The resume gets you the interview; the interview gets you the trail; the trail gets you the job. Most people are eliminated by bad presentation on paper. I know that not everyone is a good speller, let alone a good writer; but if they don't take the time to make sure the information is correct, that lack of care (poor spelling, missing contact information) indicates lack of attention -- would you want to hire a cook who doesn't pay attention to details? I wouldn't.
When I was in a position to hire cooks, this is what I wanted to see on a resume:
- Name and every possible way to contact -- ALL SPELLED CORRECTLY. Address is helpful, but I would never eliminate anyone based on where s/he lived. (I think foodpump is on thin ice, because that action could be viewed as discriminatory, at least here in the US.)
- Experience, in chronological order (regular or reverse, doesn't matter as long as it's consistent), with dates, position, and contact information for a reference -- ALL SPELLED CORRECTLY. I liked to see total experience, not just culinary, because I believe that most job skills are transferable. And I wanted THE TRUTH. If I found out later that you were lying, you were eliminated.
- Education -- just basic information of school name, location, degree or certificate completed or courses taken if no degree was achieved -- ALL SPELLED CORRECTLY, and all the truth with no embroidery.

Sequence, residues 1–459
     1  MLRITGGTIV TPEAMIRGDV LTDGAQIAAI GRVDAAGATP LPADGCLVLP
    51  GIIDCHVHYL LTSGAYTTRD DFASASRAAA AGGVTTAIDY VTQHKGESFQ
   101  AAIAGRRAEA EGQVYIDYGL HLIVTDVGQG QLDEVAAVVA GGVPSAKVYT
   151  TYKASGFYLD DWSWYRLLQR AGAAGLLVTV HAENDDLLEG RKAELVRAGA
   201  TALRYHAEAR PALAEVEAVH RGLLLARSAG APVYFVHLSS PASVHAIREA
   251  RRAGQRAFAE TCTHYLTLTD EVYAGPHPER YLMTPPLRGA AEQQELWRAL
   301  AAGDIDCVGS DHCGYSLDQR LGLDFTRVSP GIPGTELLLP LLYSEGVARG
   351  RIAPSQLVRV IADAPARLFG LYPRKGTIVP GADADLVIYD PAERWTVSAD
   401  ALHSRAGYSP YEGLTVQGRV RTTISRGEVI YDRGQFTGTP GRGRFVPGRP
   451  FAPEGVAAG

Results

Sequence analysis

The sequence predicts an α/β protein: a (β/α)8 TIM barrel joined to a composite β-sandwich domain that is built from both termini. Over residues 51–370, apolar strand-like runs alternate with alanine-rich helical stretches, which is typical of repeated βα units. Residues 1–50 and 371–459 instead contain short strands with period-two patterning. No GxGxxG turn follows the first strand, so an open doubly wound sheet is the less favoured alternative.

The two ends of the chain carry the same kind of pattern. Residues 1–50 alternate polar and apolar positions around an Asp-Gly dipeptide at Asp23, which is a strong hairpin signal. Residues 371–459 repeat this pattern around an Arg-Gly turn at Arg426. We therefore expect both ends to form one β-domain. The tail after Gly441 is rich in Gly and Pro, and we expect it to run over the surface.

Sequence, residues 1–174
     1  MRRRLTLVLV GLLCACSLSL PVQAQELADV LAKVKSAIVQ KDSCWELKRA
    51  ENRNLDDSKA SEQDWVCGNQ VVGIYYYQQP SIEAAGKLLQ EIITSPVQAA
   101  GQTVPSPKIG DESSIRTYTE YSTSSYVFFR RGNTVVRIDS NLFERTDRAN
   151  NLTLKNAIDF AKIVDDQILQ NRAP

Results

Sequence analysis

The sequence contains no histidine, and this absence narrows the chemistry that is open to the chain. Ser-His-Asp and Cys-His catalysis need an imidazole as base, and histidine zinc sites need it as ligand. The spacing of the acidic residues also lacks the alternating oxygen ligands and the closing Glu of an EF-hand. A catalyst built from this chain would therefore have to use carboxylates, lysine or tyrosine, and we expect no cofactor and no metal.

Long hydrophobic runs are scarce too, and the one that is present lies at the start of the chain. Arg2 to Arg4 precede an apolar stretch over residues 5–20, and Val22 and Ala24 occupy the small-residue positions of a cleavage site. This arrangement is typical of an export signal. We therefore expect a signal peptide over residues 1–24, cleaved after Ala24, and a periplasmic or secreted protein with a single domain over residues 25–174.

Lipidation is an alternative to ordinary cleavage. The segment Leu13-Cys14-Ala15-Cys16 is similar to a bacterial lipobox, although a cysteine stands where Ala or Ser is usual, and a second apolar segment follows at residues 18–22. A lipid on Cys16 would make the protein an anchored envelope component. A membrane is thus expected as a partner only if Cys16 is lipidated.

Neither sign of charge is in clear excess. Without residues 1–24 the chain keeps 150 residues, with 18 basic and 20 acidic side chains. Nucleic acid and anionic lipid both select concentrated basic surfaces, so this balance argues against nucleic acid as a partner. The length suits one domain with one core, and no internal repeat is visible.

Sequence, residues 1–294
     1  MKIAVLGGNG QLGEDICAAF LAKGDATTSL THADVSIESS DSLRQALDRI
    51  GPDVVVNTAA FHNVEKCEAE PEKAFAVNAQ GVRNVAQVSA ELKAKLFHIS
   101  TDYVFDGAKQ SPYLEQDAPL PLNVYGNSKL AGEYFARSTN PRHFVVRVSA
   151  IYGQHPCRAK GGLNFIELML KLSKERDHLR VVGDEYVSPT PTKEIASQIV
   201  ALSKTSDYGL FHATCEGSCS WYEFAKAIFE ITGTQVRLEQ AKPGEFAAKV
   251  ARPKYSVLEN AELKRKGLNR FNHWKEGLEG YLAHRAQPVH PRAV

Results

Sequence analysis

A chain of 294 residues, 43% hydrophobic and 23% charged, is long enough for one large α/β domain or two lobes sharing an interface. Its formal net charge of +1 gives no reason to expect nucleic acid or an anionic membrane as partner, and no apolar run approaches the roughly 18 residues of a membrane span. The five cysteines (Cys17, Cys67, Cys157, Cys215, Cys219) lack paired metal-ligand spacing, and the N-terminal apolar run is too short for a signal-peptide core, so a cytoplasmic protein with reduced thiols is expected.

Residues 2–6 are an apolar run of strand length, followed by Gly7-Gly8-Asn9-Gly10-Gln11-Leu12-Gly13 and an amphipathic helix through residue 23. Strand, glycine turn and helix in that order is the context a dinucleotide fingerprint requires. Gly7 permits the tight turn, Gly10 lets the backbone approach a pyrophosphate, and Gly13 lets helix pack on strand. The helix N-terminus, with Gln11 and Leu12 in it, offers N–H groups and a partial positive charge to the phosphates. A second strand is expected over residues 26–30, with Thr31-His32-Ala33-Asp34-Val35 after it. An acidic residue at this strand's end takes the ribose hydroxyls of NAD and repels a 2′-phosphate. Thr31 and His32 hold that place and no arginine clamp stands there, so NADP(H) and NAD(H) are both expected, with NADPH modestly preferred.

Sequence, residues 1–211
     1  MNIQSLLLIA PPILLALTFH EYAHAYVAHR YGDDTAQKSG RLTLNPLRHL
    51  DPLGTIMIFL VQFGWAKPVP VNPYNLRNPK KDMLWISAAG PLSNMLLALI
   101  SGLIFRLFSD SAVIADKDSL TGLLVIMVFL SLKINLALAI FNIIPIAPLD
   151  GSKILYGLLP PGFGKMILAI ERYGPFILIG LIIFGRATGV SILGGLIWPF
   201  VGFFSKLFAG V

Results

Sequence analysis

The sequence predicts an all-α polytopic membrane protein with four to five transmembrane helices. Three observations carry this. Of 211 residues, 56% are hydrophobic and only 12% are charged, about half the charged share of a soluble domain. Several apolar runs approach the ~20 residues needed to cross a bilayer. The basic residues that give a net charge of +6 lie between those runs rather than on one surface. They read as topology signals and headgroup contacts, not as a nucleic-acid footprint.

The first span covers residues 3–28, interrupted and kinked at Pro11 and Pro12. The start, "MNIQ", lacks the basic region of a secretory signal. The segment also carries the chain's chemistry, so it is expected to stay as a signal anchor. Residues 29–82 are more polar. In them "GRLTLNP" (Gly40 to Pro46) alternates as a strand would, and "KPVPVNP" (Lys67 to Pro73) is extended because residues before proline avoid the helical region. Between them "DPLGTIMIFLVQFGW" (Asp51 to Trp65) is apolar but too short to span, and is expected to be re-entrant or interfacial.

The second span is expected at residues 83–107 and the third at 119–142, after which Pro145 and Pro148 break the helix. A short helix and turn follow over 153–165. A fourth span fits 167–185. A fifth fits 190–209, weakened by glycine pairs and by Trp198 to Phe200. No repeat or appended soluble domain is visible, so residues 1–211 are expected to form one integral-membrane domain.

- Special skills and abilities not otherwise listed, such as languages, computer experience, etc. Again, I didn't care if the skill was not specifically "culinary." ALL SPELLED CORRECTLY!
The last thing I wanted to be bothered with was hopes, dreams, and "I want a job where I can work with people"-type nonsense. Wouldn't even read that stuff.
I used resumes to see if someone had very basic job-seeking skills; the interview was to fill in the outline and check out the applicant's attitude and actual knowledge. The trail clinched it (or not). Most applicants never made it to the trail, of course.
Of course, there are intangibles: the best cook I ever hired had gaps between jobs (he had been in prison), not much education, and his only culinary experience had been as a fry cook in a chicken joint. And he told me that he wanted to become a real cook after watching "Three's Company." :look: But he also came across as honest and really willing to learn -- and he was, and did. I wish I could have kept him on forever.